BioMed Research International

BioMed Research International / 2017 / Article

Research Article | Open Access

Volume 2017 |Article ID 9546738 | https://doi.org/10.1155/2017/9546738

Flor de Maria Cruz Estrada, Patricia Tlatempa Sotelo, Roxana Valdes-Ramos, José Aldo Hernández Murúa, Rafael Manjarrez-Montes-de-Oca, "Overweight or Obesity, Gender, and Age Influence on High School Students of the City of Toluca’s Physical Fitness", BioMed Research International, vol. 2017, Article ID 9546738, 11 pages, 2017. https://doi.org/10.1155/2017/9546738

Overweight or Obesity, Gender, and Age Influence on High School Students of the City of Toluca’s Physical Fitness

Academic Editor: Ken-ichi Aihara
Received22 Feb 2017
Accepted27 Jun 2017
Published06 Aug 2017

Abstract

Material and Method. This is a prospective, cross-sectional, and correlational study with a probabilistic sampling in which 150 teenagers from three different high schools from the city of Toluca, Mexico, aged 15–17, were assessed. Objective. To determine if weight, age, and gender have an influence on physical fitness evaluated with the EUROFIT and ALPHA-FITNESS batteries. Results. Women have a higher overweight and obesity rate than men (3 : 1). Adolescents who have normal weight have regular physical fitness (74.9%). When comparing genders we found that men have a higher mean than women in the tests, except for skinfold thickness and waist circumference. Age was only correlated with the plate tapping test . There are significant differences in the standing broad jump test and the Course-Navette of the EUROFIT and ALPHA-FITNESS batteries . Conclusions. It is likely that regular physical activity, and not normal weight, helps generate healthy physical fitness. Male subjects had a higher mean than women, reporting a better physical fitness and more frequent physical activity.

1. Introduction

Physical fitness is defined as the capability of an individual to carry out their everyday activities without excessive fatigue and with enough spare energy to enjoy their free time and to solve unusual [1] situations. It is also regarded as an integrative measure of most of the functions and structures that take part when doing exercise or any physical activity. Such functions are musculoskeletal, cardiorespiratory, haematocirculatory, endocrine-metabolic, and psychoneurological [1, 2].

Low physical fitness (PF) and physical inactivity (PI) have been on the increase at schools in the last five decades. Overweight/obesity affects 10% of students globally. However, this figure reaches 30% [3, 4] in Latin America [2, 3]. In Latin-American countries, only 15% of the 5–17-year-olds fulfil the everyday physical activity requirements (PA) [3], which represents a public health issue as far as nontransmissible chronic diseases in young population are concerned. It is argued that physical inactivity that starts at school tends to continue until adulthood [3] and that low physical fitness in kids and teenagers is a risk factor for future development of cardiovascular diseases at later stages in life [4].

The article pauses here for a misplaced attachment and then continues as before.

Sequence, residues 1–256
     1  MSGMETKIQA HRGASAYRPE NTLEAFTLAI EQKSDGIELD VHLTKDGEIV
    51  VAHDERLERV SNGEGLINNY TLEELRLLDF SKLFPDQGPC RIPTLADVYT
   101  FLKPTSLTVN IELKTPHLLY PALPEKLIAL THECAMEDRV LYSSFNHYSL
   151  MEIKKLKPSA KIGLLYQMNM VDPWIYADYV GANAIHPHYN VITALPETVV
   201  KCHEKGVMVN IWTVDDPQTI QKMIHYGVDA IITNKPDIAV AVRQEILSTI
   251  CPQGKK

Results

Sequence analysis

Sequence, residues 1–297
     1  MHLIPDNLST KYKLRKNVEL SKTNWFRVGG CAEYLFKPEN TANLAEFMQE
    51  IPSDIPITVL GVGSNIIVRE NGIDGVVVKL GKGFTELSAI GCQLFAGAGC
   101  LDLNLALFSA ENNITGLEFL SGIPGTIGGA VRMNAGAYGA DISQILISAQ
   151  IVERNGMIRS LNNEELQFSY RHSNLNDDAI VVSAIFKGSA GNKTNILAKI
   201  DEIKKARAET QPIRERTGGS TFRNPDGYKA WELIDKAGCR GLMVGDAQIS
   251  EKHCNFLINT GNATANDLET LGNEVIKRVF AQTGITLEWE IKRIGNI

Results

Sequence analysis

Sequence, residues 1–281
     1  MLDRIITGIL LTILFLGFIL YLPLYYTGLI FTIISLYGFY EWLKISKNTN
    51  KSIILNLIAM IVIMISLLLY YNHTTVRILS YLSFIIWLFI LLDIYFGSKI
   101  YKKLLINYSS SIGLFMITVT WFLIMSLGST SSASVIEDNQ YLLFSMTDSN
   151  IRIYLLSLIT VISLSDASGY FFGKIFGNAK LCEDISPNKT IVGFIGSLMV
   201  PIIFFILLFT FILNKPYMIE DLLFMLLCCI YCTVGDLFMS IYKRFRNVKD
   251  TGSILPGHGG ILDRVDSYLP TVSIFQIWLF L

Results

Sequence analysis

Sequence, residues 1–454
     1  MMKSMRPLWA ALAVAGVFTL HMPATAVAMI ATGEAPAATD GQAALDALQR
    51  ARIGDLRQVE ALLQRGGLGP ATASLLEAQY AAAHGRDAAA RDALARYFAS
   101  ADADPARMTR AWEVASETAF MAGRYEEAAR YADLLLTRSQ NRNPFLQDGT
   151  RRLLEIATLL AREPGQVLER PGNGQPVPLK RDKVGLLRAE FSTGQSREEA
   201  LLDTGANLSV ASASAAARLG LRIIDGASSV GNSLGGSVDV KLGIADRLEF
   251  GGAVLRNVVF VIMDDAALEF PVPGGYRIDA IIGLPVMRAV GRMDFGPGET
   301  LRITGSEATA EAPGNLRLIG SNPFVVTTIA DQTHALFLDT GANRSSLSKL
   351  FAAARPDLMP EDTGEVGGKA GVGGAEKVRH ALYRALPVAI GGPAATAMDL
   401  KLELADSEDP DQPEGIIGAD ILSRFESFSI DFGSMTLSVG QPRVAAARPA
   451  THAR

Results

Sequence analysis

There are plenty of studies which have measured the level of physical fitness in teenagers, among which are the following: European Fitness Test Battery (EUROFIT) [5], Actividad Física y Salud del Instituto Nacional de Educación Física de Cataluña (AFISAL-INEFC) [6, 7], and one of the latest Assessing Levels of Physical Activity and Fitness at population level (ALPHA-FITNESS) [8]. Such research outlines the importance of the components and parameters of physical fitness and its relation to health.

Personal data taken from the Feeding and Valuation of Teenagers Nutritional Status (AVENA) describe that the Spanish teenager population has excessively low physical fitness in comparison to teenagers from other countries. There is a shortage of similar studies in Mexico, especially those whose subjects are kids or teenagers, which raises the need for such studies in order to understand the Mexican situation, for this country is suffering the consequences of an epidemiological transition to chronic degenerative diseases. According to the Organization for Economic Cooperation and Development (OCDE 2010) Mexico is the first place in the world in overweight (30%) and the second in obesity (24%).

According to the Mexican Observatory of Noncommunicable Diseases (OMENT 2015, for its initials in Spanish), 32% of the population in the State of Mexico are overweight, and 20% have obesity problems, which predisposes this population to diseases such as diabetes mellitus type I (8% of the population older than 10 years), diabetes mellitus type II (73.4 deaths for every 100 thousand inhabitants), hypertension (17% of the population over 20 years old), and acute myocardial infarction and cerebrovascular events (13.9 deaths every 100 thousand inhabitants).